Assessing potential Covid-19 vaccines

Assessing potential Covid-19 vaccines

The need for an effective and safe vaccine has become a national - and indeed a global - priority, as the pandemic is affecting nearly all communities worldwide. The recent glimmer of hope brought about by the emergency approval of the Pfizer/BioNTech vaccine illustrates the desperate need for this vital therapeutic measure.

A hand wearing a blue glove holding a vaccine bottle
"We need to have full confidence in the safety and efficacy of the vaccine." - Dush Mital, Fellow

I am a Consultant in Blood Borne Viruses (BBV) and also a regional lead for the National Institute of Healthcare Research for Infectious Diseases and Microbiology. I am lucky enough to be involved with two Covid-19 research trials here at my hospital in Milton Keynes, one of which is the well-known ‘recovery’ trial that is looking at potential effective treatments for Covid-19. We are also in the process of enrolling in a Covid-19 vaccine trial, as well as a study looking at the behaviour of healthcare staff and keyworkers during lockdown, including assessing their mental health and alcohol intake.

Ironically, my 2017 Churchill Fellowship looked at some of the risk behaviours associated with the spread of BBV in Vancouver, and this provides many valuable insights and lessons in the spread of the airborne Covid-19 virus. My Fellowship also involved analysing the educational and healthcare skills of healthcare providers and those living with a BBV, so this has placed me in a position to deliver remote webinars, lectures and seminars on Covid-19 to colleagues, patients and under- and post-graduate students.

Although there are groups who are clearly most at risk from Covid-19, it has affected all populations in some form or another. Currently the only thing we have to combat the virus is being mindful of 'hands, face, space', as well as a test and trace system which most governments have released in some form or another, with varying degrees of success. The use of IT has greatly helped with this in many respects, but further work is needed to ensure potent effectiveness.

As a Black & Minority Ethnic (BAME) healthcare worker, on the frontline in a place that was considered a 'hotspot' for Covid-19, this has been a very frightening and anxious time. There were uncertainties about type and quality of personal protective equipment (PPE) and, when I was subsequently deployed onto Covid-19 duties covering the wards, this anxiety was heightened over personal safety and relevant competencies needed to deliver effective healthcare. As our workforce numbers diminished due to those self-isolating, shielding and infections, we had to find better and leaner ways of delivering healthcare and prioritise those who needed a hospital admission. Being redeployed to the Covid-19 wards to help fellow colleagues was a massive lesson in not just the knowledge and training received and given, but also in how my fellow nurses and doctors showed valiant efforts and courage in dealing with some very sick patients.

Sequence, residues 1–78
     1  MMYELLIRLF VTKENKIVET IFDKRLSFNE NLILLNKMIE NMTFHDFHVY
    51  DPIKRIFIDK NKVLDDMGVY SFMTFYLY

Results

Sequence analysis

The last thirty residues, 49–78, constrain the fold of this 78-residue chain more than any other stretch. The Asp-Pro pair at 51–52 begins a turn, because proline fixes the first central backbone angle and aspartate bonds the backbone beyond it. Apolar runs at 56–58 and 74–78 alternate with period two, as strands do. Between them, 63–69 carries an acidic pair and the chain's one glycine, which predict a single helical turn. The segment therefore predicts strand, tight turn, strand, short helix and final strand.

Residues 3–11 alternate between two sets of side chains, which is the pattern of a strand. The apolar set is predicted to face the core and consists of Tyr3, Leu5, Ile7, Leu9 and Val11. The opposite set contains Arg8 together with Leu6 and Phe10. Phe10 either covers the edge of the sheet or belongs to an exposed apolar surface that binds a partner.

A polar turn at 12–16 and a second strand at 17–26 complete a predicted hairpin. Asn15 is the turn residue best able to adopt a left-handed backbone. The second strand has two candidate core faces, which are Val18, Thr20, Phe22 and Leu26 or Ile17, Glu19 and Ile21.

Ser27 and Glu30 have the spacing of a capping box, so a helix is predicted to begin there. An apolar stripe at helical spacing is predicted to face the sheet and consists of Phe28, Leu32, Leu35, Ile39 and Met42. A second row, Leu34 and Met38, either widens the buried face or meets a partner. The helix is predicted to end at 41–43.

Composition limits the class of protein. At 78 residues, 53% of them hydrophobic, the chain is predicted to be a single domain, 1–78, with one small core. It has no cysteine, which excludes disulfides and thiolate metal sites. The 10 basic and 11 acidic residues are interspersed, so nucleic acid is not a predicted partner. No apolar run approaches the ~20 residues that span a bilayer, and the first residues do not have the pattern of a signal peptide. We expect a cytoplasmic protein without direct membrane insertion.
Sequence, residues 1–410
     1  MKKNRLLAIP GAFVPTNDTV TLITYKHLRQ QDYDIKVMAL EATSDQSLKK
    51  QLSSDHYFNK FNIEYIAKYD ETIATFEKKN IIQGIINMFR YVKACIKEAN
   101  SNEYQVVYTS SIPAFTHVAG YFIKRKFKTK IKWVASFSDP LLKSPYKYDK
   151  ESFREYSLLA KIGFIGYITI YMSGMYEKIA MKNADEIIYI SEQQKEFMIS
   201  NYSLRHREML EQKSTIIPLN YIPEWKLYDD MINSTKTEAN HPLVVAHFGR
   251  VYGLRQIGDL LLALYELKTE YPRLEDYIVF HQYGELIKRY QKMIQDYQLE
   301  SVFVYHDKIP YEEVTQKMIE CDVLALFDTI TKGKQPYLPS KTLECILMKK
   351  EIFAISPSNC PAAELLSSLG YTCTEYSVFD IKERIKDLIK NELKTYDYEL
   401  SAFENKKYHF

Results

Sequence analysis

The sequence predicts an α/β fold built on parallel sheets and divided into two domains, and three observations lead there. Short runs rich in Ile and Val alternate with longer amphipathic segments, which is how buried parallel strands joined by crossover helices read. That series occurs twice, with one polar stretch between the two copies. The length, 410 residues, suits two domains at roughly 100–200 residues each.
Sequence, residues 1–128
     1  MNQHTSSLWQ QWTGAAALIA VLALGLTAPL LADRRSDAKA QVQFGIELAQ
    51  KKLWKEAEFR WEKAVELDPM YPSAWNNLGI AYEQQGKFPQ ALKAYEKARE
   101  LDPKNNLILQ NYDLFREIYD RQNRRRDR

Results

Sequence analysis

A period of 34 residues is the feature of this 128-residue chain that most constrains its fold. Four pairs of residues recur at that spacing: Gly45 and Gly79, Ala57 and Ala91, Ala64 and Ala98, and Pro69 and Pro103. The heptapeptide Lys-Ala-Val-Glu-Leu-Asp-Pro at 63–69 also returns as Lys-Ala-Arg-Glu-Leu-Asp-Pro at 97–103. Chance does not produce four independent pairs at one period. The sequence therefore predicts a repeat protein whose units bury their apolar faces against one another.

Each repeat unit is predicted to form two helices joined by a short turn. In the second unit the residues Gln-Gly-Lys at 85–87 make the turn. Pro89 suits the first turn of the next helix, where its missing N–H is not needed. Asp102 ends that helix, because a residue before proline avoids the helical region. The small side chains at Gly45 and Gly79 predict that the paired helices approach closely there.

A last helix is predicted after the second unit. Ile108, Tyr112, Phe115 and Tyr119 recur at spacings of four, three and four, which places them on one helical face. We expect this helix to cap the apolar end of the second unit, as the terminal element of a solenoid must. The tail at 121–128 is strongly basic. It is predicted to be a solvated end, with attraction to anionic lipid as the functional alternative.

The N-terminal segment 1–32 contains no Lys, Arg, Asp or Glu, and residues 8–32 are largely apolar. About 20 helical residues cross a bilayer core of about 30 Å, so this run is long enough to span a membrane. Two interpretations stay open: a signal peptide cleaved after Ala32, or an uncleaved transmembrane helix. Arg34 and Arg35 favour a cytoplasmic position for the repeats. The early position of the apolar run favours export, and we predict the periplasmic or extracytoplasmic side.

With respect to the potential vaccines, including the recently approved Pfizer mRNA vaccine, we need to see the data published in a peer review journal rather than vague, sensationalist headlines. However, data released by Pfizer demonstrates almost a 95% potency, which is a clear breakthrough, especially when a 50-60% protectiveness was expected. Using a unique technology of mRNA is clearly a game-changer and hopefully will be utilised for other RNA viruses such as hepatitis C and HIV. My concern, however, apart from the current lack of a detailed, expert reviewed article, is that this has been driven through after such a short period of time, when it usually takes years for a vaccine to go through. With respect to the AstraZeneca 'adjuvant' vaccine, which acts in a different way to the one proposed by Pfizer, the 90% potency is also potentially very exciting, but recent media articles suggest that more scrutiny is needed on the data and a publication is awaited here too.

My specific recommendation, particularly as someone who will be up taking the vaccine myself as a frontline worker, is that we need to have full confidence in the safety and efficacy of the vaccine. I will need to make an informed choice about any future vaccine available and to express confidence to colleagues, patients and even my family to follow the same route. An urgent, early release of the data collated by the relevant stakeholders is needed, while investment and funding of continuing research in other Covid-19 vaccines is crucial.

Research and development of potential therapeutics and vaccines should continue and, if this is carried out, I am optimistic that some normality can return to society by Easter 2021. Indeed, studies suggest that if 60% of the population are immune or vaccinated against Covid-19, some element of widespread herd immunity may be obtained.

This will require a concerted effort in uptake and confidence of a vaccine that is potent and effective. I do feel that the current, second wave of Covid-19 will be more long-lasting and severe, as 'winter' viruses can exacerbate and, indeed, confuse a potential diagnosis of Covid-19. Even when the vaccine is rolled out, continued PPE provisions along with track, trace and isolate protocols should follow. We are seeing a rise in non-Covid-19 conditions, such as mental health issues, and measures will be needed to address these health concerns as part of long-term recovery plans.


The views and opinions expressed by any Fellow are those of the Fellow and not of the Churchill Fellowship or its partners, which have no responsibility or liability for any part of them.


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